Those beliefs are historical fact. Japan was not going to surrender. Their fights to the death in the Island-hopping campaign proved that. You're "critical thinking" is nothing but revisionist history, designed to make Japan somehow the "victim" of American imperialism, when in fact Japan had been at war in China for a decade before Pearl Harbor, and that it committed all kinds of atrocities during the period between 1931 and 1945.

Quoting Fumanchewd (Reply 5):
Its easy to armchair quarterback,

Especially 62 uears after tje fact/

Quoting Boeing4ever (Reply 7):
Quoting Aaron747 (Reply 3):
If this were still 1945, your comments would be valid,

There's the key buddy. Think about that now. You know, critical thinking. Not revisionist history.

Exactly.

This thread is about Mr. Tibbits, my God rest his soul. He did his job for his nation, and did it without a second thought. He lived with the results of that attack his entire life, but never once complained or doubted that what he did was right. May he rest in peace. And may all the victims of that war, and of that attack, also rest in peace.
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Aaron747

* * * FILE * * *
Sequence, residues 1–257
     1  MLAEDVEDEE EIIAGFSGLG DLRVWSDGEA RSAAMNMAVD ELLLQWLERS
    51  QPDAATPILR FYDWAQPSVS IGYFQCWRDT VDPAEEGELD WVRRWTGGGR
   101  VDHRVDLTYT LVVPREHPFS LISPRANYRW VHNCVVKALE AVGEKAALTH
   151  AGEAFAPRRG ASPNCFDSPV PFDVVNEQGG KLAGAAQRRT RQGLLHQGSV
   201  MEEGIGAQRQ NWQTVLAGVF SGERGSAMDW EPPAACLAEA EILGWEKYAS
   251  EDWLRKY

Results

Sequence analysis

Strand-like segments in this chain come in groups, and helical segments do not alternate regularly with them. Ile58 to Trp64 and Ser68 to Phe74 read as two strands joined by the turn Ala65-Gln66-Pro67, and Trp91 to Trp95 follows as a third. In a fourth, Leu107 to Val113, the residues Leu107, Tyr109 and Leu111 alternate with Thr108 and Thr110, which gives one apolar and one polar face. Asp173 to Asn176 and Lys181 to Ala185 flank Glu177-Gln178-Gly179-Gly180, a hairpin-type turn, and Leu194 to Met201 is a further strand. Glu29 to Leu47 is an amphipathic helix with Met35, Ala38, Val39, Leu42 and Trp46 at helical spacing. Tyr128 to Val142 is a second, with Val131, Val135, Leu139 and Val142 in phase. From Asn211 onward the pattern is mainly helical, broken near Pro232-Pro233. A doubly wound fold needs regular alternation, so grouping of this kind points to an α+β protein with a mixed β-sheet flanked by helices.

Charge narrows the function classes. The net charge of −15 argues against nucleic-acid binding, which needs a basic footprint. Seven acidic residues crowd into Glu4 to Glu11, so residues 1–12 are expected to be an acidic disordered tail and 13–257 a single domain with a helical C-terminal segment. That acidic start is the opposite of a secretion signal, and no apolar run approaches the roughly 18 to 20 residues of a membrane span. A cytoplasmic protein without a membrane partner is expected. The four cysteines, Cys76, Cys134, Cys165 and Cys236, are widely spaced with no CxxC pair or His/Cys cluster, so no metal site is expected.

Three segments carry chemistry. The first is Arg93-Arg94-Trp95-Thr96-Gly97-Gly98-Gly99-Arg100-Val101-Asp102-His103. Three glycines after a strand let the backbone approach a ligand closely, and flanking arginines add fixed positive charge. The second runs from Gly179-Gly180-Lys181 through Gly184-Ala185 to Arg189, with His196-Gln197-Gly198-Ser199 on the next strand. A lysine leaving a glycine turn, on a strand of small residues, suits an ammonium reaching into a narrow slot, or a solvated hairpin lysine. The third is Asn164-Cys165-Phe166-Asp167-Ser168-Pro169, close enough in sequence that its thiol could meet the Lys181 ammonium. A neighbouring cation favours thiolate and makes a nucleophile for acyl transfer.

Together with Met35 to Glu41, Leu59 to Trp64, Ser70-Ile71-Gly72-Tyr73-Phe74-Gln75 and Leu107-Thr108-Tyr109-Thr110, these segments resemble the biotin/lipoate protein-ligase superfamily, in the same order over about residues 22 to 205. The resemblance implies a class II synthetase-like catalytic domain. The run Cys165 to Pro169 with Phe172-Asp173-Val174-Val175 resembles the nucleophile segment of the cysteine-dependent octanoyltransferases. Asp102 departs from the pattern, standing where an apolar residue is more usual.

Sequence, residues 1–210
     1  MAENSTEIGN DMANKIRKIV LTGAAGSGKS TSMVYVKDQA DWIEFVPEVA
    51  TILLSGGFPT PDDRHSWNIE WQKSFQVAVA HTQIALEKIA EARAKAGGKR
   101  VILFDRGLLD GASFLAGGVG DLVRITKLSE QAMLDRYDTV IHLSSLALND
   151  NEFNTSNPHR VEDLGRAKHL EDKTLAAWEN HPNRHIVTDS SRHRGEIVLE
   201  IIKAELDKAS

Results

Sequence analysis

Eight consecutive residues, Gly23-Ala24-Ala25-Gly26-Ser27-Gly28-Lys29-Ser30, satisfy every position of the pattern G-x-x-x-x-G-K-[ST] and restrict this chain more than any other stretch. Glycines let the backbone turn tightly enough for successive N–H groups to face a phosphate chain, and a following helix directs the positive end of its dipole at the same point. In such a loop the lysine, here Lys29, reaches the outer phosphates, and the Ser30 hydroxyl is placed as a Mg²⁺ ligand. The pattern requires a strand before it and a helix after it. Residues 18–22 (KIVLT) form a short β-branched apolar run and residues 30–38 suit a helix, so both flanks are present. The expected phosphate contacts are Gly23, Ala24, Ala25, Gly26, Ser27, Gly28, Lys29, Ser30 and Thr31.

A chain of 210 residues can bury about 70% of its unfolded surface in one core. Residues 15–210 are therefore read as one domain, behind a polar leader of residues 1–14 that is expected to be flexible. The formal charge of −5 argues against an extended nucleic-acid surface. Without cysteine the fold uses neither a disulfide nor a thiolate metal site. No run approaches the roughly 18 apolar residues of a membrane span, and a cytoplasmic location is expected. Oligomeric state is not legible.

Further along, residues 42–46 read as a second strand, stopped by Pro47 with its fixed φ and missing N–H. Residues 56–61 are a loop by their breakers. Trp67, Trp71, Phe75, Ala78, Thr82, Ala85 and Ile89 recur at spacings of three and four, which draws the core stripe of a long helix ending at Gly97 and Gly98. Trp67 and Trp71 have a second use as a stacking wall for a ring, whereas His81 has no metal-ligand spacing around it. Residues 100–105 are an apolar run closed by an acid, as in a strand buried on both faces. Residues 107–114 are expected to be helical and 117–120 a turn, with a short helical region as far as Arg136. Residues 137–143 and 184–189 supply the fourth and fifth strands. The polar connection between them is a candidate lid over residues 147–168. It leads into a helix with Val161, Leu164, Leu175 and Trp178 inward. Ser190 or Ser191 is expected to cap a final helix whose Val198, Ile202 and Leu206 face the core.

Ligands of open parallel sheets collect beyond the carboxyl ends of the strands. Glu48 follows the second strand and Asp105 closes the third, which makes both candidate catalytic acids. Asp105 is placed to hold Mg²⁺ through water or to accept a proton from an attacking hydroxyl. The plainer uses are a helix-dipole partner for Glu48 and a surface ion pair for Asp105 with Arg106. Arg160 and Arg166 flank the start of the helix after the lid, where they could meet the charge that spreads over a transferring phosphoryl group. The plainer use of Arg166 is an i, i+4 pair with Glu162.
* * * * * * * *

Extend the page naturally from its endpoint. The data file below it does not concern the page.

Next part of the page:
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RE: Paul Tibbets, Hiroshima Pilot Dies

Fri Nov 02, 2007 2:57 am

Quoting Falcon84 (Reply 10):
You're "critical thinking" is nothing but revisionist history, designed to make Japan somehow the "victim" of American imperialism, when in fact Japan had been at war in China for a decade before Pearl Harbor, and that it committed all kinds of atrocities during the period between 1931 and 1945.

Imperial Japan was no victim - the average citizen was. I've explained at length in several recent past threads you chose not to respond to. I'm not going to waste time repeating it here when the search function will suffice.

Quoting PSA53 (Reply 4):
And from 1945 to 2007,your taught Imperial Japan changes to all around good guy,peace loving nation who's WW2 human rights violations aren't even acknowledge?Right! Give me a break.